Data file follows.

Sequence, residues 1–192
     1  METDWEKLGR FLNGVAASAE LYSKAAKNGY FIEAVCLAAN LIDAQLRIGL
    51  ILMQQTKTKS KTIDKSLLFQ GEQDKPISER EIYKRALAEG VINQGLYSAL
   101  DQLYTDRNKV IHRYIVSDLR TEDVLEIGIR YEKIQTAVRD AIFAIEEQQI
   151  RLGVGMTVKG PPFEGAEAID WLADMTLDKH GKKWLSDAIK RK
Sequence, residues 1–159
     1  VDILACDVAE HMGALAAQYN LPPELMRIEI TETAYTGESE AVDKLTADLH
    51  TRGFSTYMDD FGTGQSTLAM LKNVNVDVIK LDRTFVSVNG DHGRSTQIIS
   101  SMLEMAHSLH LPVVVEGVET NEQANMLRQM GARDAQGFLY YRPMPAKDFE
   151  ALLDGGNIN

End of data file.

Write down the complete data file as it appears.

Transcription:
Sequence, residues 1–192
     1  METDWEKLGR FLNGVAASAE LYSKAAKNGY FIEAVCLAAN LIDAQLRIGL
    51  ILMQQTKTKS KTIDKSLLFQ GEQDKPISER EIYKRALAEG VINQGLYSAL
   101  DQLYTDRNKV IHRYIVSDLR TEDVLEIGIR YEKIQTAVRD AIFAIEEQQI
   151  RLGVGMTVKG PPFEGAEAID WLADMTLDKH GKKWLSDAIK RK
Sequence, residues 1–159
     1  VDILACDVAE HMGALAAQYN LPPELMRIEI TETAYTGESE AVDKLTADLH
    51  TRGFSTYMDD FGTGQSTLAM LKNVNVDVIK LDRTFVSVNG DHGRSTQIIS
   101  SMLEMAHSLH LPVVVEGVET NEQANMLRQM GARDAQGFLY YRPMPAKDFE
   151  ALLDGGNIN